A Gender Culture Center has opened in Kharkiv. “There are no such analogues in Ukraine,” director Tetiana Isaieva says. The funds for implementing this initiative were allocated from the European Endowment for Democracy.
“The idea is in creating a space for informal communication in Kharkiv, where gender issues could be discussed thoroughly and comprehensibly,” Tetyana says. “For example, social roles of people. Our goal is to make the society more tolerant, democratic, exposed. We would like to raise the gender culture level to the European standards.”
A series of activities, including a debate club, room for video lectures and Forum Theatre, have already been scheduled in the centre, which is located on Kovalska St., 9. A playroom for children has been also taken care of, so that the parents who visit the classes or Master Class wouldn’t have to be worried about their kids. The administration of the centre thinks that such conditions for young families affect their ability to develop and socialize.
The opening of the Center in Kharkiv became a nationwide event; it gathered guests from different cities.
Tetyana Ivanina came from Poltava, where she’s the head of the Office for gender budgeting strategies.
“It’s time to show what can be accomplished when people consolidate the efforts,” Tetyana says. “The Gender Culture Center is one of these examples. Gender issues have to become not only the experts’ topic for discussion; they have to be taken into consideration by the society. I congratulate Kharkiv with such a beginning. As for me, it has given impetus to raising the social culture in the country.”
Volunteers, students (mostly female) were greeting the guests of the Center. Kateryna Stativka who was one of them admits that she doesn’t know much about gender.
“As I understand,” she says, “the Center is fighting for gender equality. And she adds that the society is not equal, various groups of people see their role in life differently. For example, some women are fully satisfied with them being a housewife and they are convinced that men have more rights. Kateryna says she has not experienced gender inequality. Nevertheless, she is planning to visit the Center.”
“I think that gender is not only about a male or female,” says Arthur Tkachenko. “I see it more widely. Every social group that has something in common, for example, handicapped people – is also a gender, because proper conditions have to be created for them to have a full life. Society has to get rid of prejudice and stereotypes. If a person tries to accomplish something, he/she should be encouraged.”
After the opening of the new Gender Culture Center, we got a chance to talk to its’ director Tetyana Isaeva, who’s also a head of the Gender Museum which is the only one in Kharkiv.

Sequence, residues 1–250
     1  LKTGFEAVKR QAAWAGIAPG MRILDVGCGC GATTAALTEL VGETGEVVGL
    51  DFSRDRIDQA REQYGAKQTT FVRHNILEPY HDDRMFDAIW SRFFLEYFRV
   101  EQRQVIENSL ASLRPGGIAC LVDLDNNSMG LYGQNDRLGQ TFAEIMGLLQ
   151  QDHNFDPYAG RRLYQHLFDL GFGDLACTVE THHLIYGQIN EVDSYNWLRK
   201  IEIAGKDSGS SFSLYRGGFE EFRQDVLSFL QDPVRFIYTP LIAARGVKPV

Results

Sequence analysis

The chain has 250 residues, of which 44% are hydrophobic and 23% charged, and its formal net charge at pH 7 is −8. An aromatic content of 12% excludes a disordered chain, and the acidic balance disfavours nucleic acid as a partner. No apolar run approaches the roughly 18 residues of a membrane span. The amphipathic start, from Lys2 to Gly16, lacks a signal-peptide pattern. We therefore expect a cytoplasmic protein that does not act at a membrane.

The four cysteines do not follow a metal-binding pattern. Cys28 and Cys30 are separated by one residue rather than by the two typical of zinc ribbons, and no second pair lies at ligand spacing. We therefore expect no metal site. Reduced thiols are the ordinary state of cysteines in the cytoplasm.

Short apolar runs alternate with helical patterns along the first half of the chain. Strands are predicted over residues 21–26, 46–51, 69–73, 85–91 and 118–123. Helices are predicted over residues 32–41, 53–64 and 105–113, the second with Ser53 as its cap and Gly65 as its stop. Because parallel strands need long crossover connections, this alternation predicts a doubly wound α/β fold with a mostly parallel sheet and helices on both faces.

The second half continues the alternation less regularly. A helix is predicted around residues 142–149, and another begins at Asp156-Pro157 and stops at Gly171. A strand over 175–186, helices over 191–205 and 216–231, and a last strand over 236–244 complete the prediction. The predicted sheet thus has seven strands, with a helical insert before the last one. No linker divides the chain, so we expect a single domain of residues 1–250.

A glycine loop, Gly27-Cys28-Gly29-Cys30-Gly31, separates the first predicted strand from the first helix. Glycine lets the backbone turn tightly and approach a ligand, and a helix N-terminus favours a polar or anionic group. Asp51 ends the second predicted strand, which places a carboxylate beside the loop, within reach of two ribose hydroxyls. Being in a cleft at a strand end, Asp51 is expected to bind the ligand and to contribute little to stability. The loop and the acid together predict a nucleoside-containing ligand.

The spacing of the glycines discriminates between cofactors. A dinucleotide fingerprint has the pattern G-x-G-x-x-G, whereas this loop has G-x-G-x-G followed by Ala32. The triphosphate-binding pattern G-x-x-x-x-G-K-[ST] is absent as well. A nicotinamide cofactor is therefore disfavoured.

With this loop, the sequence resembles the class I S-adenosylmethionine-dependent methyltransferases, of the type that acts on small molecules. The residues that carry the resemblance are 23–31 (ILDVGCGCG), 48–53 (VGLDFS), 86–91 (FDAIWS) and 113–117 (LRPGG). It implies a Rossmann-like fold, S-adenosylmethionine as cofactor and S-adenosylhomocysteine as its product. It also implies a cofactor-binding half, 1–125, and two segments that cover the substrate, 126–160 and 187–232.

Mrs. Isayeva, what should be a starting point for solving the gender inequality issue in Ukraine?
I think we should start by defining the terms. Because everyone has their own definition of gender and gender identity. Someone thinks it’s limited by gender equality. Others look at the issue more widely. Simple and clear definition of all terms would ease the communication. I, for example, define gender as a social role, tied to sex. Social sex with the indicator of access to all spheres of life, to making a decision and resources.
When did your curiosities about gender equality grow into a profession?
I became a member of “Krona” organization in 2002. The project was concentrated on the role of women in society. After listening to an educational course, I created the “I” magazine. The first issue came out in 2003. The idea was in presenting a woman, who fulfilled herself in the family and would like to step out of the line, affect different spheres of life. The magazine wasn’t gender-oriented. The gender was brought into the picture later, in 2005 when the law about equal right for men and women became effective. The magazine became gender-oriented after that. Later I was invited to the elections in Sweden as a representative of media, wherefrom I brought the first piece for my future Gender Museum – feminist party booklet.
How much time has passed from the idea to open the Museum?
While working on a publication for the magazine, I met an interesting expert Olena Suslova. I shared an idea about the museum with her. Olena reached for 100 hryvnas from her pocket. “Let’s get it started,” she said. From that time on I started gathering exhibits: everyone brought me some books, T-shirts, photos, purses. The Museum has “existed” for a long time in the suitcases. Only in 2013 thanks to the campaign “Women support women” we got a chance to collect some money for the premises and the repair. Now there are more than 3000 exhibits behind the walls. The Museum is sponsored by Swedish and Spanish feminists.
I notice that you clearly separate the words by gender. Is this gender-sensitive language? Would you like these rules to be consolidated in society?
I think it is right. But there is a lot of disputes on this topic in the sociological community. Some say that gender difference is already embedded in gender-defined words, and such difference can be offensive. A word that defines a female in a certain kind of profession already says that she’s less qualified. Besides, it’s not always possible to create gender-defined words.
What are your plans for the future?
I plan to develop gender culture step by step and conduct Master Class. For now, the Museum is on financing till February. The Center – for a year and a half. So the main issue, for now, is the funding. But I don’t doubt the development of this endeavour. We are open to the offers, interaction, waiting for partners and supporters.